07/18/2016 – Sentiments!

For someone like me who’s always been interested in practical machine learning, it was wonderfully delightful to have found Word2vec, a neural network that intakes text and outputs numerical vectors. It transforms each word in a sentence into a series of numbers that could be used to predict the probabilities of related items, on top of mathematical interpretations of similar words. This means that this method doesn’t need to know the exact definition of the words, and with enough data could better interpret relationships between words than the average human being.

Of course, that’s not all Word2vec could do. It seems that the applicability of the Word2vec (there are 2 distinct models) goes beyond predictive syntax interpretations.

If you’re interested in learning more about the Word2vec and its intricacies, check out:

  1. This document published by an Israelian computer science PhD (with a link to the PDF).
  2. A publication by the guys at GOOG on sentence and phrase compositions.
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07/07/2016 – Basics

When one reaches an advanced stage of professional practice it’s easy to forget the basics because they are no longer needed or have already been done by entry analysts for you. Although it’s not crucial that one should retain everything, it’s quite useful to reacquaint oneself with the fundamentals from time to time.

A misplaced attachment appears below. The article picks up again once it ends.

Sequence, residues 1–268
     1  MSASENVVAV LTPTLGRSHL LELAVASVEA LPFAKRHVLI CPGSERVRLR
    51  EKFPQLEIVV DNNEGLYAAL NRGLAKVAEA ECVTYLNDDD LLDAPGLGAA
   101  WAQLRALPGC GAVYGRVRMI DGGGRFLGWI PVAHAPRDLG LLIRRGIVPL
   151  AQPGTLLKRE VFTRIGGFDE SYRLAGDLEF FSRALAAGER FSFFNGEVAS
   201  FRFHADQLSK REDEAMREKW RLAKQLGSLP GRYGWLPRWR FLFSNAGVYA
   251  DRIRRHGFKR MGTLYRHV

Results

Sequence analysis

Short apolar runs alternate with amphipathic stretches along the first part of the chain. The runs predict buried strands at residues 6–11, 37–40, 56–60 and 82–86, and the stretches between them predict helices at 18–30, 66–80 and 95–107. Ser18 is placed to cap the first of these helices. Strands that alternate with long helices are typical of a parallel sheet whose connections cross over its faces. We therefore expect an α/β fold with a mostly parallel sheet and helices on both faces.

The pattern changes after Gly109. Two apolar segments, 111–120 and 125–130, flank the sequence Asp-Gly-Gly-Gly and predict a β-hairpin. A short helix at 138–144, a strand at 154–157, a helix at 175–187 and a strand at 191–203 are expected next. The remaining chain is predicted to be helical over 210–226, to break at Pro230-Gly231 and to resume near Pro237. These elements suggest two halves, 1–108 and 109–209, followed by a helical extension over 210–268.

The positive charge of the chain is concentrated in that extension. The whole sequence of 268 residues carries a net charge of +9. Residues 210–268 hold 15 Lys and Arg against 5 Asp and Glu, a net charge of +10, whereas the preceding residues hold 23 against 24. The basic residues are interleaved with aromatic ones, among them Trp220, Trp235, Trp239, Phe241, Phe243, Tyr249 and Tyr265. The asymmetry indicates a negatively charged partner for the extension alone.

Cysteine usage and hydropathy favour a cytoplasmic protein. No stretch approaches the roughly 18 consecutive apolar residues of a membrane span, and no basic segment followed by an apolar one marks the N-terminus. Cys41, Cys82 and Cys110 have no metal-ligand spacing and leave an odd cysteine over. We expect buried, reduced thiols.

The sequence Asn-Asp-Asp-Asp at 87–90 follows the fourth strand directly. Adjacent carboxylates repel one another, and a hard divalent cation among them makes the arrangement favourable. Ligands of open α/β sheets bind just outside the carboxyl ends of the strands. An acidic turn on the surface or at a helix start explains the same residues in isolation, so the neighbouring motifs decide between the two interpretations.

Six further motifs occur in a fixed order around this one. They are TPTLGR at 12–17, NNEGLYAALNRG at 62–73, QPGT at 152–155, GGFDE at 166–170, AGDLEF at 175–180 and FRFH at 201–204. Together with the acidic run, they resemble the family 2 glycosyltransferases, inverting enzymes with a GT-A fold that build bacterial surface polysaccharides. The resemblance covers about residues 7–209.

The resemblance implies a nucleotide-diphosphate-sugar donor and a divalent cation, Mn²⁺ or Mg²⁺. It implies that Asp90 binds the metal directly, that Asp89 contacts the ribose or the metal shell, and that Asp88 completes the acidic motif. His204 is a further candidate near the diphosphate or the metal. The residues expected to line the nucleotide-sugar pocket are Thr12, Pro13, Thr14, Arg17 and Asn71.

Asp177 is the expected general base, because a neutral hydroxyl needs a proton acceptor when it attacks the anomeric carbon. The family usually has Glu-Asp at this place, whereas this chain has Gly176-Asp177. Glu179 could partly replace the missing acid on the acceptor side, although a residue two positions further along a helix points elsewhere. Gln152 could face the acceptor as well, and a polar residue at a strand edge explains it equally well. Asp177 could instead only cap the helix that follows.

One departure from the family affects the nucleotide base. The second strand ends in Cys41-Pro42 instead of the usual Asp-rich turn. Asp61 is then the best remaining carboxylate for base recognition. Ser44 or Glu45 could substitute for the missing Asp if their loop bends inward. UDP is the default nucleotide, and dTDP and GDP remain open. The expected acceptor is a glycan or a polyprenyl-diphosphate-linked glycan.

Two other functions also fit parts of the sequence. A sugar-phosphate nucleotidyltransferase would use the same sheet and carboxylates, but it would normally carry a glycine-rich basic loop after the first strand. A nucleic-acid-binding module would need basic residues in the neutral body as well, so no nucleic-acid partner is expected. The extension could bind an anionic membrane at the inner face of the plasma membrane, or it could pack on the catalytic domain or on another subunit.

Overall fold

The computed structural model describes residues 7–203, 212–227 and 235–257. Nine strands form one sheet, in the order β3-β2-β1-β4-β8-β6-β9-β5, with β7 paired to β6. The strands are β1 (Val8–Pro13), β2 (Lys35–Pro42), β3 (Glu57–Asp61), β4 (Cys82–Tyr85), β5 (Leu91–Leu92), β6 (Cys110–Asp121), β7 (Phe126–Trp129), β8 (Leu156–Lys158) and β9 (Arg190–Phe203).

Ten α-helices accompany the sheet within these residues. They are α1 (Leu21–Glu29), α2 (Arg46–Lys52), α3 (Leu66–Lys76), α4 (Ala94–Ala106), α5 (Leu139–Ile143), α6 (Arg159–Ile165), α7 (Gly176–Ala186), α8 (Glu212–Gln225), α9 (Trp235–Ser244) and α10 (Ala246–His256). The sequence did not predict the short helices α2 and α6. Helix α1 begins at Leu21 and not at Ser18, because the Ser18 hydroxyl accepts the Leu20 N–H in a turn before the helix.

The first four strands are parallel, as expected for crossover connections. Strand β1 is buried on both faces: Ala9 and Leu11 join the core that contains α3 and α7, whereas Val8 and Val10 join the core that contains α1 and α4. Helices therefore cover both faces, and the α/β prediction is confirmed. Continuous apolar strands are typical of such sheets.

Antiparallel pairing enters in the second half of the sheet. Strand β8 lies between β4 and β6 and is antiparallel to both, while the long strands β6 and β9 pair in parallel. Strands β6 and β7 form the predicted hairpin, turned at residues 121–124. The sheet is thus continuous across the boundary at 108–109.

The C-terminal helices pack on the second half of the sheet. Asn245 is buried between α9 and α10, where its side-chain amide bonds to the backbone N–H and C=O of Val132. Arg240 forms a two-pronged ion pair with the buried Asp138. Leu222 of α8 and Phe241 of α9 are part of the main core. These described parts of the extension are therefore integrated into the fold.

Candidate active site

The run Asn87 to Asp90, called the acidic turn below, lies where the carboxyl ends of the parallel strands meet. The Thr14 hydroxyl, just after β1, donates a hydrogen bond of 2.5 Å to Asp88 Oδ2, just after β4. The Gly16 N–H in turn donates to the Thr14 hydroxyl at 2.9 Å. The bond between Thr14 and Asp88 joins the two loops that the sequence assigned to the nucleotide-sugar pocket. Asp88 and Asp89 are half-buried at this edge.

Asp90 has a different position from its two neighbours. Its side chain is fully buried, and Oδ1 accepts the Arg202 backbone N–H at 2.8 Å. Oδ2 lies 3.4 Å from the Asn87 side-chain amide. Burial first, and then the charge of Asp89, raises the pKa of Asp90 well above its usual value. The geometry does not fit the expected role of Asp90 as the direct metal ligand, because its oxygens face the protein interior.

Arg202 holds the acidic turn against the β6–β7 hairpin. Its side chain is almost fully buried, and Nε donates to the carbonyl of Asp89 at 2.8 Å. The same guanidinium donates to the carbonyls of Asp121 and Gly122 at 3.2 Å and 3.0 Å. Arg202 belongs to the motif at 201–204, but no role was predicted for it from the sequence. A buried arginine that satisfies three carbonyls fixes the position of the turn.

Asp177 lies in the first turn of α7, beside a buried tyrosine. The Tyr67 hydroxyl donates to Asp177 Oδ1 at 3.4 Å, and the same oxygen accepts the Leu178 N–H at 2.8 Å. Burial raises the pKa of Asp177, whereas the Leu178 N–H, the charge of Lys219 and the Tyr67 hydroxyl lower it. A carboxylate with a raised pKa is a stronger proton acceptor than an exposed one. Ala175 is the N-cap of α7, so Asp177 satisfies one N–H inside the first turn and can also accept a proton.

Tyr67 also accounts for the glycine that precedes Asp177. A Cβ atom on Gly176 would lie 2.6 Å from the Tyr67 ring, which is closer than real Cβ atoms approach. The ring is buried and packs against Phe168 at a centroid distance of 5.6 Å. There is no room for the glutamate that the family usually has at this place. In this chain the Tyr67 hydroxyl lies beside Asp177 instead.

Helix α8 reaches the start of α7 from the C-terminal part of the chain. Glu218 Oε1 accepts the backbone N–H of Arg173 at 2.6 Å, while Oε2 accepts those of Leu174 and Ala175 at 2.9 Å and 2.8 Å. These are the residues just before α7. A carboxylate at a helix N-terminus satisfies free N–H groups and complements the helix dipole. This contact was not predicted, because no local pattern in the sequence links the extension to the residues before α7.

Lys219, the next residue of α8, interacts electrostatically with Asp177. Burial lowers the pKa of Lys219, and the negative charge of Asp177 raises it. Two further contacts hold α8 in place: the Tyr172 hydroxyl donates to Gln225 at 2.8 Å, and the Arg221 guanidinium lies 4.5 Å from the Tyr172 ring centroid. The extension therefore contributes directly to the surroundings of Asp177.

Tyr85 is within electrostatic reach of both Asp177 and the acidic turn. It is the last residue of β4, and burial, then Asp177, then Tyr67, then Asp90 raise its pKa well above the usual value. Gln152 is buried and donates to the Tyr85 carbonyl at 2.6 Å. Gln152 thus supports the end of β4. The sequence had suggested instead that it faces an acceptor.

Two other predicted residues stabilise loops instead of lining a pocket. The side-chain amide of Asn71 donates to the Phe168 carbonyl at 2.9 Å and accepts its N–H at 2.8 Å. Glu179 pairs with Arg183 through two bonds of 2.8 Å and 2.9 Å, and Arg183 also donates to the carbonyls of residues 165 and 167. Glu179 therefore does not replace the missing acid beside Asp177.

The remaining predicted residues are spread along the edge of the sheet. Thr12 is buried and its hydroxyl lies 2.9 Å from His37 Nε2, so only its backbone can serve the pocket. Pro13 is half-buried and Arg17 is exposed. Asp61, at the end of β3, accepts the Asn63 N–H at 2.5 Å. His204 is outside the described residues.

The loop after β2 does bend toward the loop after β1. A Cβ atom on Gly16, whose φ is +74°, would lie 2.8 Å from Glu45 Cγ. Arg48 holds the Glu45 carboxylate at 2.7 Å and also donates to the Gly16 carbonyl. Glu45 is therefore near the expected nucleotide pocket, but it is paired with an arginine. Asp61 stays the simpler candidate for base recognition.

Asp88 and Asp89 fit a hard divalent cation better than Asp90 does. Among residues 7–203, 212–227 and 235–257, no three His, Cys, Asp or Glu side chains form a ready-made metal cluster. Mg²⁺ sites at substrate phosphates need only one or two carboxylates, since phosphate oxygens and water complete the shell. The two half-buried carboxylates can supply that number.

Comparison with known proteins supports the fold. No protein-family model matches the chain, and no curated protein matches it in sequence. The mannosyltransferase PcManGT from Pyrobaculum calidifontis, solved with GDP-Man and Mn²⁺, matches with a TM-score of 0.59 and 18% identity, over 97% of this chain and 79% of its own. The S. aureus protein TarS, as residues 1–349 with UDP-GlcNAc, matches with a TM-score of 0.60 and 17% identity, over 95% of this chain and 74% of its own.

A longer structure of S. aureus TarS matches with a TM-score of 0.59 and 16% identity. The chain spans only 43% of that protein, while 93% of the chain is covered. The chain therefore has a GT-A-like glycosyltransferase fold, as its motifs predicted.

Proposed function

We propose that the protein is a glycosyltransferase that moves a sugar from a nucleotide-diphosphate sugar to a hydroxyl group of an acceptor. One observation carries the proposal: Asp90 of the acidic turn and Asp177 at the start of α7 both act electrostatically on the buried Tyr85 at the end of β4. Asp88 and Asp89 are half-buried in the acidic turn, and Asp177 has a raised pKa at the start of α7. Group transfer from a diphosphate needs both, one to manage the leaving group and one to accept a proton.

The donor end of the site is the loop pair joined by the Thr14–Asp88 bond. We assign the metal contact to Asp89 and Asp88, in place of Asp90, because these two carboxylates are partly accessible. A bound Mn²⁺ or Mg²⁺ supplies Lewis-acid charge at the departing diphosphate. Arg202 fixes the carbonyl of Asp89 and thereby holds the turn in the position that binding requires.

Here are some of the finance books I’ve been flipping through recently:

  1. Finance, by David Whitehurst – this textbook contains decent summary of capital risk, structure, financing methodologies, and some derivatives. It also includes some elementary financial planning and mergers&acquisitions which doesn’t have much substance but good as a light read on industry expectations.
  2. Introduction to the Economics and Mathematics of Financial Markets, by Jaksa Cvitanic and Fernando Zapatero – you have to expect some hardcore materials when one of the authors’ last name sounds Eastern European, and I’m expectantly trudging through it at a slower pace than the other books. Luckily I’ve encountered a lot of its notations when I was studying for actuarial exams so it’s been making it a bit easier to read. It touches on mainly portfolio modeling techniques, asset pricing, risk mitigation, and a bit on probability theory. The book dedicates two chapters exclusively for fixed income hedging and option pricing, signifying the amount of past research done for these two fields.
  3. Finance, by Zvi Bodie and Robert C. Merton – aha! Written by one of the Nobel Laureates who revolutionized the options pricing world and also crashed the world markets with the same idea, this book is surprisingly light in terms of difficulty…if it were in English. I’m reading this in Chinese (yes!) to A) get a deeper understanding on modern finance theory, and B) improve my Chinese. So far I’m checking google translate every 2 to 3 pages which is not too bad considering I haven’t yet used it in any professional capacity. The book actually doesn’t go too much into theories but looks at the markets as a whole from both a quantitative and qualitative perspective. The book looks at the evolution of financial markets, then delves deeper into its various components such as accounting, investing time frames, and valuation models. It’s one of the classic reads so I’d recommend it if you are interested in the topic (and perhaps read it in a language you are more adept in).

My GRE is coming up soon and I’m debating whether I should write the GMAT instead, dilemmas!